Saturday, November 14, 2009

The Sun has gone!

The Lessons of Tawang

Despite Chinese protests, the Government of India cleared the Dalai Lama’s visit to Tawang allowing him to journey to Arunachal.
What lessons can we draw from this event which has been extensively covered by the national media?
The first message is that, though it has ‘upset’ the Chinese, nothing dramatic happened.
Most of the so-called Indian experts who are regularly taken for lavish trips to China had prophesized that Hell would break loose if the Dalai Lama were permitted to go to Tawang; it has not been the case.
On the contrary, as Saibal Dasgupta reported from Beijing for The Times of India: “China tried to be deliberately subdued… The Chinese foreign ministry restricted itself to expressing strong dissatisfaction with India on the issue.”
For India, it has been an occasion to discover that even if the Chinese are ‘upset’, it is not the end of the world. This has apparently percolated the Government’s psyche; the media and the general public are also gradually becoming aware of it.
Till recently, if India opened an airport or had to send troops to its northern frontier or if the Prime Minister had to visit Arunachal, the Chinese would inevitably be ‘upset’.
But if India dared to say anything about an infrastructure project in Tibet or about Beijing’s plans to built huge dams on the Brahmaputra, the Chinese spokesman would immediately forcefully state, “Please, it is our internal affair, don’t interfere”.
This is called double standards.
It seems to me that this constant rage is not healthy; the Chinese leadership has a serious problem. Could someone suggest to them to take some lessons in vipasana and equanimity from a Buddhist teacher?
While it is good that India always keeps her proverbial cool and practices samata, usually at the end of the day, the Ministry vacillates under Chinese pressure. This time, it remained firm; it did not budge under the veiled threats or melt under sweet smiles.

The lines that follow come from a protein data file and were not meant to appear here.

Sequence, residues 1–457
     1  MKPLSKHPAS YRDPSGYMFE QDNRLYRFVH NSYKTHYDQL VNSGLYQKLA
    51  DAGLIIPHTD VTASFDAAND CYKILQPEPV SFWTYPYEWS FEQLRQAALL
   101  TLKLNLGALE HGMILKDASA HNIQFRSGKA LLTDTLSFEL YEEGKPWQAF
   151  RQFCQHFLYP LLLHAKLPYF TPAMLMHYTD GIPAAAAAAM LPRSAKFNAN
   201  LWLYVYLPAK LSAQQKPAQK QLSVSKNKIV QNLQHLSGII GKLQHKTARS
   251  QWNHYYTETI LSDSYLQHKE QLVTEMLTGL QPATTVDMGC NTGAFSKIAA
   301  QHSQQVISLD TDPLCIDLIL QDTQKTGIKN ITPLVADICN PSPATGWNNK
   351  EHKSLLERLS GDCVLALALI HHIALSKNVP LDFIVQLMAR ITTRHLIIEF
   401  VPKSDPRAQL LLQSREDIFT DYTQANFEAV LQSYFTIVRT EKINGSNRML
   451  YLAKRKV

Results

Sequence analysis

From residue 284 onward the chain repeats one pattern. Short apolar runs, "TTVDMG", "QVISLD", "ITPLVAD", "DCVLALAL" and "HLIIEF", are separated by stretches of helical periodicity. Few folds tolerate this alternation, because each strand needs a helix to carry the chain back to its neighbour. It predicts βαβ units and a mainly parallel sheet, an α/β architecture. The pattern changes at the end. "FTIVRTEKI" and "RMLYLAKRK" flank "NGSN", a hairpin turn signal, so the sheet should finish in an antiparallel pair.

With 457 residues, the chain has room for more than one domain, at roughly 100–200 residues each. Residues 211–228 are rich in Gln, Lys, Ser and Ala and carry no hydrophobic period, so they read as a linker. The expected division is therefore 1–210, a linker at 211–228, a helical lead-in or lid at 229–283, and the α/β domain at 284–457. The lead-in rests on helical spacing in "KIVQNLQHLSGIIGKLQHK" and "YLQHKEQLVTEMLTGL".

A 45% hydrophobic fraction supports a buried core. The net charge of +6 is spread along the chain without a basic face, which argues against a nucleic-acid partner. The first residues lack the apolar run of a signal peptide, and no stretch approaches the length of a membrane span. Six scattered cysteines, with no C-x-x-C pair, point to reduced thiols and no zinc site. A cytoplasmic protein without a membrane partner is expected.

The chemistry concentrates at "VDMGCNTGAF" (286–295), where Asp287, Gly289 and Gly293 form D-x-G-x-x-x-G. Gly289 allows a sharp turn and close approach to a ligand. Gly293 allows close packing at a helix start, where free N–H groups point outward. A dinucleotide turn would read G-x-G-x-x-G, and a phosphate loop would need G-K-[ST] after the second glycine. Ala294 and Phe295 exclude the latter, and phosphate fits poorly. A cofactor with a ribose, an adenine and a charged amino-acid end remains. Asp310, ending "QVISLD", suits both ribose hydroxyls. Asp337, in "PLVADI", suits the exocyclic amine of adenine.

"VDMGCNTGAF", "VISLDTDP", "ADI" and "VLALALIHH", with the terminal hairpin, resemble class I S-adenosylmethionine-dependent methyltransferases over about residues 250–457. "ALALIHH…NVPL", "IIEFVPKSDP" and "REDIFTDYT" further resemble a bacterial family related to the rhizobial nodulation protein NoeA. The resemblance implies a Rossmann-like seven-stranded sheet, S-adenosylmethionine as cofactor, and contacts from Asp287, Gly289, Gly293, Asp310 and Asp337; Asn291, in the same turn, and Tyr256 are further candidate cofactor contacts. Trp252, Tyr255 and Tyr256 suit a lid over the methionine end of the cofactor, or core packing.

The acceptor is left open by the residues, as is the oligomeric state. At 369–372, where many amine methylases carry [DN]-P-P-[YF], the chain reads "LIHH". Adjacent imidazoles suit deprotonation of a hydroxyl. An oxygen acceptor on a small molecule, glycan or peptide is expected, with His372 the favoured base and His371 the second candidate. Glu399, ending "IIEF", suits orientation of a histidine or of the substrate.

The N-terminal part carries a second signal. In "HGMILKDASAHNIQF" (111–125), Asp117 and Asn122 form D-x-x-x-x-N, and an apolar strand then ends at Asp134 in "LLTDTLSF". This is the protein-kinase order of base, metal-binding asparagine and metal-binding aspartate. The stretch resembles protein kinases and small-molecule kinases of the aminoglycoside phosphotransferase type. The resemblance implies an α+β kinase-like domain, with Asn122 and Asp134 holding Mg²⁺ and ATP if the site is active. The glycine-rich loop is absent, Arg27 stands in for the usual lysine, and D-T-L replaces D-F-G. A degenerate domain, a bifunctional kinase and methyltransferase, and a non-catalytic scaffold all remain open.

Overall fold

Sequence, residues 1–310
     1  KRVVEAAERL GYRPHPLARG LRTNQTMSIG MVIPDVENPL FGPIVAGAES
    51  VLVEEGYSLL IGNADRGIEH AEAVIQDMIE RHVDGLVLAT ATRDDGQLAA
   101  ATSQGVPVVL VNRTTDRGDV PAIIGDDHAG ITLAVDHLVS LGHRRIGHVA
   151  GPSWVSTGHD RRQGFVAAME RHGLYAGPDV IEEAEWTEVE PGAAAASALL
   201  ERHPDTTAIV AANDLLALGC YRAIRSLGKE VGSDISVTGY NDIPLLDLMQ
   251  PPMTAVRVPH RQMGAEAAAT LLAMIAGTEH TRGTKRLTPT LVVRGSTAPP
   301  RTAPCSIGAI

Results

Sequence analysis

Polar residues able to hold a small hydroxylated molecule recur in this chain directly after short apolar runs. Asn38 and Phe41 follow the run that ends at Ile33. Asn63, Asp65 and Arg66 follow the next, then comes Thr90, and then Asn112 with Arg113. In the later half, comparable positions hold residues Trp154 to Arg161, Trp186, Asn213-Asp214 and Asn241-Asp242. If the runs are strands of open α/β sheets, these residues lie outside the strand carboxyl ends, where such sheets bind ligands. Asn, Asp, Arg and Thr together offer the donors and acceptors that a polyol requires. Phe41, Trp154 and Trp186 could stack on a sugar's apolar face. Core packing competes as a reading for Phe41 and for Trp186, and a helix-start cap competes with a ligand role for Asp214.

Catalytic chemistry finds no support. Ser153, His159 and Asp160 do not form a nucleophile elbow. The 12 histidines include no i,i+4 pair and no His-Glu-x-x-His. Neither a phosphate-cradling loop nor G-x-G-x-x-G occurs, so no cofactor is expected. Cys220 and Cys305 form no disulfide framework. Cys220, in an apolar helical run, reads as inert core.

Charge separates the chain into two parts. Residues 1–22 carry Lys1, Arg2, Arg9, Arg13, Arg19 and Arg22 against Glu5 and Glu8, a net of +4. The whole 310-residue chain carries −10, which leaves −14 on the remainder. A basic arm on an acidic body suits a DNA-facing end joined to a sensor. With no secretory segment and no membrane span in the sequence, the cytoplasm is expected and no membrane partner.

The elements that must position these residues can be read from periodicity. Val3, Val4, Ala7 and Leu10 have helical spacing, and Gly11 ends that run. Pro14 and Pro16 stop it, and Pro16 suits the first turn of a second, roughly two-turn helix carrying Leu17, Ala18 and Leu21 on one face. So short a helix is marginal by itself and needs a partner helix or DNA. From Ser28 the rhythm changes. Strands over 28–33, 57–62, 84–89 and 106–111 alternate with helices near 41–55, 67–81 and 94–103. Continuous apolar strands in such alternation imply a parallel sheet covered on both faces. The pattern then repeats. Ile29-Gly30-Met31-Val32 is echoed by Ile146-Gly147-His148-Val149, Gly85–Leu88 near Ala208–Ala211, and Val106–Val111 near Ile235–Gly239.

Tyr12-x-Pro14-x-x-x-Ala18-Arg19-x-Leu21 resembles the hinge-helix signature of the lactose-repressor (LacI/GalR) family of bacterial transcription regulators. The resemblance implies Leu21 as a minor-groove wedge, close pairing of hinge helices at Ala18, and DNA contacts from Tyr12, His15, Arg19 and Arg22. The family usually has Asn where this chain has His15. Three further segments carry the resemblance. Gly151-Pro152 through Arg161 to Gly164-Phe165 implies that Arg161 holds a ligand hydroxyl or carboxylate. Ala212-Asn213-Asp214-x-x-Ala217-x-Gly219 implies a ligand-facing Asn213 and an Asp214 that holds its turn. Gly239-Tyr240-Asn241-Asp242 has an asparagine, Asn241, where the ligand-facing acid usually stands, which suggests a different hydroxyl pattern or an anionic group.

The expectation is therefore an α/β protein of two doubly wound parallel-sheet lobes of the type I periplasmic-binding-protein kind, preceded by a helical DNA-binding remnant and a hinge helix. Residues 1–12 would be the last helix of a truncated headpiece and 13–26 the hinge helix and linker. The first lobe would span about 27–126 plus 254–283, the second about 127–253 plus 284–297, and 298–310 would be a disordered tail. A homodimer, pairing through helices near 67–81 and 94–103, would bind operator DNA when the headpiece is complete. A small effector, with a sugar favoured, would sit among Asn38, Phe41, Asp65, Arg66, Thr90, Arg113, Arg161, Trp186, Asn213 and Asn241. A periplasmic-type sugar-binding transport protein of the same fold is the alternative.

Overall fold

Unyielding under the pressure, Delhi has reiterated its decade-old position on the border. It was already enunciated in 1959 by Nehru, India’s first Prime Minister in a letter to Zhou Enlai, his Chinese counterpart.
Nehru stated: “Contrary to what has been reported to you, this line was, in fact, drawn at a Tripartite Conference held at Simla in 1913-1914 between the Plenipotentiaries of the Governments of China, Tibet and India. At the time of acceptance of the delineation of this frontier, Lonchen Shatra, the Tibetan Plenipotentiary, in letters exchanged, stated explicitly that he had received orders from Lhasa to agree to the boundary as marked on the map appended to the Convention. The Line was drawn after full discussion and was confirmed subsequently by formal exchange of letters; and there is nothing to indicate that the Tibetan authorities were in any way dissatisfied with the agreed boundary.”
It may seems strange today (particularly after the pre-visit noise from Beijing), but Zhou Enlai had told Nehru in 1957 that he had no objection to the McMahon Line (he just did not like the British connotation of the name), but that the Tibetans were unhappy about it).
Nehru rightly pointed out: “There is no mention of any Chinese reservation in respect of the India-Tibet frontier either during the discussions or at the time of their initialling the Convention [in 1914].”
The Indian Prime Minister reminded Zhou: “In our previous discussions and particularly during your visit to India in January1957, we were gratified to note that you were prepared to accept this line as representing the frontier between China and India in this region and I hope that we shall reach an understanding on this basis.”